Prepared by Holly Bickerton

Bird’s-foot Violet (Viola pedata) is a distinctive and showy perennial violet. It ranges across much of the eastern United States and has been reported from 14 populations distributed across a broad area in southwestern Ontario. It is considered globally secure (G5) but critically imperilled (N1) in Canada. Bird’s-foot Violet is designated as endangered under Ontario’s Endangered Species Act, 2007.

Of the documented 14 populations, there are currently only five populations considered extant in Canada, occupying a much-reduced range in Brant and Norfolk counties. Only one of these five populations is found on public land managed for conservation. Although recent information is lacking, this large population is believed to be stable or increasing due to ongoing habitat management and protection. The remaining four populations are found entirely on private land, and face many threats. At three of these four sites, fewer than 10 plants remained when they were last observed.

Bird’s-foot Violet favours dry, open, sandy sites throughout its range. At its five remaining sites in Ontario, it grows mainly in oak savanna (or ingrown savanna) on well- drained, sandy soils. The species has a strong preference for sites with an open canopy, bare soil and a thin organic layer or moss cover. Originally, such open habitat would have been maintained by fire. In the settled southern Ontario landscape, the long-term maintenance of oak savanna requires regular management, such as brush cutting or prescribed burning.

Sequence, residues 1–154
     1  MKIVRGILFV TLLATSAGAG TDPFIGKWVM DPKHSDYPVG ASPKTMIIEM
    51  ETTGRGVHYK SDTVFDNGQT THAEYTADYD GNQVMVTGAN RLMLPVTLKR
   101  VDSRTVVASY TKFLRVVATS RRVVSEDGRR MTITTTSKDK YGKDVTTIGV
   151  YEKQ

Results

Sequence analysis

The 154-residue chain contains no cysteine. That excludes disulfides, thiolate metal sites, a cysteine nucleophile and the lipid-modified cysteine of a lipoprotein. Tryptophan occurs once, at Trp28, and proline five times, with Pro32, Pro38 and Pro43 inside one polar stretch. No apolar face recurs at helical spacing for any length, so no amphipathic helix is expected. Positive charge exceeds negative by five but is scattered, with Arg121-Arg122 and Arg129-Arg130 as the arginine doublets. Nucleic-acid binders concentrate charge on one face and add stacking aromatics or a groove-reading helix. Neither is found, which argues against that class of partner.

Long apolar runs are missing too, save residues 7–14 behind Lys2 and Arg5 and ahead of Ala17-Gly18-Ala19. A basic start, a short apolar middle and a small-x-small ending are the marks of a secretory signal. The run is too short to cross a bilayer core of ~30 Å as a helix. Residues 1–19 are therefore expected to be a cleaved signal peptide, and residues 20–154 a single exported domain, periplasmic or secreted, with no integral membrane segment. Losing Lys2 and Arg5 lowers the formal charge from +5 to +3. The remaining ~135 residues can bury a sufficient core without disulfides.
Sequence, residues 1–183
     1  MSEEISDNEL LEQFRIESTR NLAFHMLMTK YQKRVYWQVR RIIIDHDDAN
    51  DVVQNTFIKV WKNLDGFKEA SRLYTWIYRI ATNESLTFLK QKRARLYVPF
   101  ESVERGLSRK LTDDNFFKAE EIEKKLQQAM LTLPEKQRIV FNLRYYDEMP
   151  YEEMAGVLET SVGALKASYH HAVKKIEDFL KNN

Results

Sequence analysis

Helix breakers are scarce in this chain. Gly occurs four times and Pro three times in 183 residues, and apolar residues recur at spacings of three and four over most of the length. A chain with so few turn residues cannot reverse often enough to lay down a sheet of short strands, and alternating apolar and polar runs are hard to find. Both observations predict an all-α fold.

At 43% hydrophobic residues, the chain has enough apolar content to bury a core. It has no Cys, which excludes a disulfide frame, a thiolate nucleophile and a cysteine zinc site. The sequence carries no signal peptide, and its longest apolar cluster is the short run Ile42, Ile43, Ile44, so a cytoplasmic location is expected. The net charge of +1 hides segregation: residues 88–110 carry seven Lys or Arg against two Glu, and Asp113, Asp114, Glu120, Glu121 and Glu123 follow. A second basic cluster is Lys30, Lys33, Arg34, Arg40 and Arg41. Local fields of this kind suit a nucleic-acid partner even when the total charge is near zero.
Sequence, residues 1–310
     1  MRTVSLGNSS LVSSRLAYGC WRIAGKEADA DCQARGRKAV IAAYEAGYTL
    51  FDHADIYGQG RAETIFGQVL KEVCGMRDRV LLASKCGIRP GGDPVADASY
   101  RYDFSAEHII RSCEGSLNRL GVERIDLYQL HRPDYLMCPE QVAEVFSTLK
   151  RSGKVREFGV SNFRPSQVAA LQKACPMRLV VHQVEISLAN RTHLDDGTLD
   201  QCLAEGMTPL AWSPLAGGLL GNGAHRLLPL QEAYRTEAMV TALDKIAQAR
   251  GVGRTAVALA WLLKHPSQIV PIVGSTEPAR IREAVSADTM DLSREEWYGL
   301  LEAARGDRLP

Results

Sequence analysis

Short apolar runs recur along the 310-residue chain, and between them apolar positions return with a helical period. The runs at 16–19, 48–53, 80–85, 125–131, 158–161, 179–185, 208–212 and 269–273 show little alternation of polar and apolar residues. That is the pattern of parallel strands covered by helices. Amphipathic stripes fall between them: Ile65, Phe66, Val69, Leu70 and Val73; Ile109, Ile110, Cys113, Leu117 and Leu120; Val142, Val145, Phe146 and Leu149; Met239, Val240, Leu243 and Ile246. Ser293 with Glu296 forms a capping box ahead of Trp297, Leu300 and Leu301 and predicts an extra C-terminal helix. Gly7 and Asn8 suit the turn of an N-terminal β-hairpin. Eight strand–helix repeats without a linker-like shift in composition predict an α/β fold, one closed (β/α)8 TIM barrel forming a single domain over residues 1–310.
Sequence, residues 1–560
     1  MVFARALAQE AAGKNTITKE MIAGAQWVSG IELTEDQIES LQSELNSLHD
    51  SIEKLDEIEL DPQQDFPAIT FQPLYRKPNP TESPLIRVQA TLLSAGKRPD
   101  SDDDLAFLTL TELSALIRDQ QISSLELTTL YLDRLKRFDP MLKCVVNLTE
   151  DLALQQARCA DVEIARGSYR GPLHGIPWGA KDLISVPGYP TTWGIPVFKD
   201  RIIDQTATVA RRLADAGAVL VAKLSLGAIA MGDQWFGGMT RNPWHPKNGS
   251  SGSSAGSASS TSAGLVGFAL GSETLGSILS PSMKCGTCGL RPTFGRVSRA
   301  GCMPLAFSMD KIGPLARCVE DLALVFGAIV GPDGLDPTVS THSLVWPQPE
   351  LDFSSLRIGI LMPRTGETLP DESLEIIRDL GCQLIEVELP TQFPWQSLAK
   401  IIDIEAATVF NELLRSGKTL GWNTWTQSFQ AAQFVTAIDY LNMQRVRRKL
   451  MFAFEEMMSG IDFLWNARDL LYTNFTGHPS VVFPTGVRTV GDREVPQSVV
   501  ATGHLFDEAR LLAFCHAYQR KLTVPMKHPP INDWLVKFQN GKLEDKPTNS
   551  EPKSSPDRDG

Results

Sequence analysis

The predominant threat to this species in Ontario is fire suppression which results in shaded and unsuitable conditions. This threatens plants mainly at the sites on private lands. Other threats include habitat loss through conversion to homes and gardens, trampling and recreational pressure, erosion, and competition from invasive species. The small size and limited spatial extent of most populations further compounds the risks that these threats pose to Bird’s-foot Violet.

The recovery goal for Bird’s-foot Violet is to maintain or increase the current abundance, area of occupancy and range extent within Ontario, by managing habitat and restoring or re-introducing the species to suitable habitat within its known range. Protection and recovery objectives are to:

  • protect extant populations by working collaboratively with landowners
  • manage extant populations to maintain suitable habitat conditions
  • monitor populations and habitats regularly, particularly in response to management actions
  • if necessary to meet the recovery goal, re-establish and/or introduce populations in suitable habitat within the species’ former range

It is recommended that the area prescribed as habitat in a regulation for Bird’s-foot Violet include the extent of the Ecological Land Classification (ELC) Ecosite polygon(s) (Lee et al. 1998) within which the species is found. If plants are close to the edge of a polygon, a minimum distance of 50 metres from the outer limit of the population is recommended for regulation. The areas surrounding cultivated Bird’s-foot Violet plants and those originating from outside Canada should be excluded from regulation. Habitat mapping of all populations and sub-populations of this species would inform the regulation process.